Now that the New York Times pay wall is live, you only get 20 free clicks a month. For those worried about hitting their limit, we're taking a look through the paper each morning to find the stories that can make your clicks count.
Anthony Weiner's scandal dominates the home page today, with the lead story all about his lack of true support on the left. Below that, there's a very interesting piece on Andrew Breitbart, who according to this coverage is looking to capitalize on the scandal to gain legitimacy. But your can't-miss picks from today are twofold: The interactive Arts feature on the Venice Biennale, and the Science report and slide show all about surprisingly complex jellyfish.
World: If you can get past the awkward headline, the lead story on Libya's propaganda war against NATO is a pretty good read. And after weeks of protest in Spain, a worthwhile feature takes a second look at a generation there that once was dismissed as apathetic. Also worth a read, almost purely for the shock value (but also because of its illustration of class issues in China), is the account of a privileged young Chinese music student who was put to death for stabbing a woman to keep her quiet after he hit her with his car.
U.S.: It's a tough bit of news to take, but the feature on the budget tribulations facing state parks is definitely worth your click. And in more state budget news, check out the piece on judges involving themselves in state spending. Also, don't miss the lead story on publicly funded Turkish religious schools in Texas.
New York: Anthony Weiner is, of course, the big news here. Aside from the main story on his admission that lewd photos were, indeed, his, and the features mentioned above on the home page, those who haven't been following the story minutely but would like a good overview will find this timeline of the issue invaluable.
Business: Fittingly, the Times early on the story of Glenn Beck's plan to charge visitors to his new Web site. And there's some good analysis on Peter Diamond's decision to withdraw his application to the Federal Reserve board of governors.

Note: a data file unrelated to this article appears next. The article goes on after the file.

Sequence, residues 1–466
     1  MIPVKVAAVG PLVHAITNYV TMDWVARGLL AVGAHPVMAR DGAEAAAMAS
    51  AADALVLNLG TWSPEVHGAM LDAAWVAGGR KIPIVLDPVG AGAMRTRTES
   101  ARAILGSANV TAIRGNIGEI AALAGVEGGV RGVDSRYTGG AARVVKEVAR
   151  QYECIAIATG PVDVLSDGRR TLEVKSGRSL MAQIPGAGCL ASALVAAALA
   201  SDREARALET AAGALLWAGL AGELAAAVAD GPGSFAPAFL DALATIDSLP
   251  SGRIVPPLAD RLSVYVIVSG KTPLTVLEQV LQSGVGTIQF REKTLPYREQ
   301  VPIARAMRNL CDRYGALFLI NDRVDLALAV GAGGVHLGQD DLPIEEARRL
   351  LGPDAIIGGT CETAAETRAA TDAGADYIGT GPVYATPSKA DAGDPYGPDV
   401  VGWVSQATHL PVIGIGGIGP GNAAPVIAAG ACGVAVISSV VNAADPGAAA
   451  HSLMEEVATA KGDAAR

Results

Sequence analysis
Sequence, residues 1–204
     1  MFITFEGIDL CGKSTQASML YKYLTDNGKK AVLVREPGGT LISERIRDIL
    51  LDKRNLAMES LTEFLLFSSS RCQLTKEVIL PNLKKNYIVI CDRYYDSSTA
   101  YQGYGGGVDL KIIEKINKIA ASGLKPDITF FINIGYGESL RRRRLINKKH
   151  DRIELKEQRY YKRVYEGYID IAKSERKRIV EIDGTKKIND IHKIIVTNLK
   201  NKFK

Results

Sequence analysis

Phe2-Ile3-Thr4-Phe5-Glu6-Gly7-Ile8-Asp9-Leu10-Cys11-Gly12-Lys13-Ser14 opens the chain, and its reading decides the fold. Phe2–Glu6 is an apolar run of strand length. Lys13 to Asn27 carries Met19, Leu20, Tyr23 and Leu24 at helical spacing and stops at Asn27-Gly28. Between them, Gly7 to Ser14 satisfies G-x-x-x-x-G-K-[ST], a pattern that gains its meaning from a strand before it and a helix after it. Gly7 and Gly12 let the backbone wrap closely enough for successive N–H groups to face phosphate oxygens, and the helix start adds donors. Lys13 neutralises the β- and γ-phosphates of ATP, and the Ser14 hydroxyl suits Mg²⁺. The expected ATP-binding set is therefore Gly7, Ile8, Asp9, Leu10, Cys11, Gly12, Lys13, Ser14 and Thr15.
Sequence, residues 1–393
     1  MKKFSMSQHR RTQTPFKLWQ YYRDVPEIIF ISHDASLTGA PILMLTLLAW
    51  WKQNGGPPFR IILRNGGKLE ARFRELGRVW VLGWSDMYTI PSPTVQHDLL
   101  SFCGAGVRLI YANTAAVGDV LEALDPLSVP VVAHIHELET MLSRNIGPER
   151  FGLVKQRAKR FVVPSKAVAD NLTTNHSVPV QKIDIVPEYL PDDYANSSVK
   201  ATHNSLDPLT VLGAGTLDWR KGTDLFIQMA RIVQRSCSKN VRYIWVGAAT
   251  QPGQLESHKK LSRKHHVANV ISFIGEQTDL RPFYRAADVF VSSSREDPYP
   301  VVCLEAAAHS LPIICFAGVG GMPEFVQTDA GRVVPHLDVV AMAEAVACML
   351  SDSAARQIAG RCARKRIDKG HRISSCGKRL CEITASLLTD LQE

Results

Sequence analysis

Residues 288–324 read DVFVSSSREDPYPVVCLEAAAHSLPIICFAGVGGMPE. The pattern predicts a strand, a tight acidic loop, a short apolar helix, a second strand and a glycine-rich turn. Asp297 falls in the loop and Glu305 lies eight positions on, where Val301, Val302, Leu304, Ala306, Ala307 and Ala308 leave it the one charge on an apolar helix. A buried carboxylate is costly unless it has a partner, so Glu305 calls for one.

Technology: The paper is doing due diligence in reporting the major news from Apple's Worldwide Developers Conference but a lot of that, such as the apps sidelined by the company's own developers, and the new products like iCloud and OS X Lion, came out here yesterday. Though there is a click-worthy update on iCloud's relationship with file-sharing services.
Science: Leading today's section is one of the most fascinating biology articles to come along in a while, all about how surprisingly complex jellyfish are, along with a beautiful slide show. A must-click. While the report on using modern technology to build a better burger is a little thin on actual news, it's got lots of history and interesting information about the national food. But it's worth skipping in favor of the profiles of women at the top of their scientific fields.
Health: A new type of math instruction has students drill to reach abstract connections through gut instinct before logic. And Tara Parker-Pope's explainer on cell phones and cancer is worth a read just to try to sort out all the information that's been floating around lately.
Sports: It's the Stanley Cup finals, so check out the game story on the Bruins trouncing the Canuks in game 3. And racing fans are keeping a sharp eye on Kentucky Derby winner Animal Kingdom, as he shows strong promise on the approach to the Belmont Stakes Saturday.
Opinion: In the lead op-ed, longtime New York City Opera director Julius Rudel makes the case for preserving "the people's opera."
Arts: There is no question that the top pick for this section is the interactive feature on the Venice Biennale.
Style: Cathy Horyn reports from the CFDA fashion awards, which were all about Lady GaGa.
This article is from the archive of our partner The Wire.
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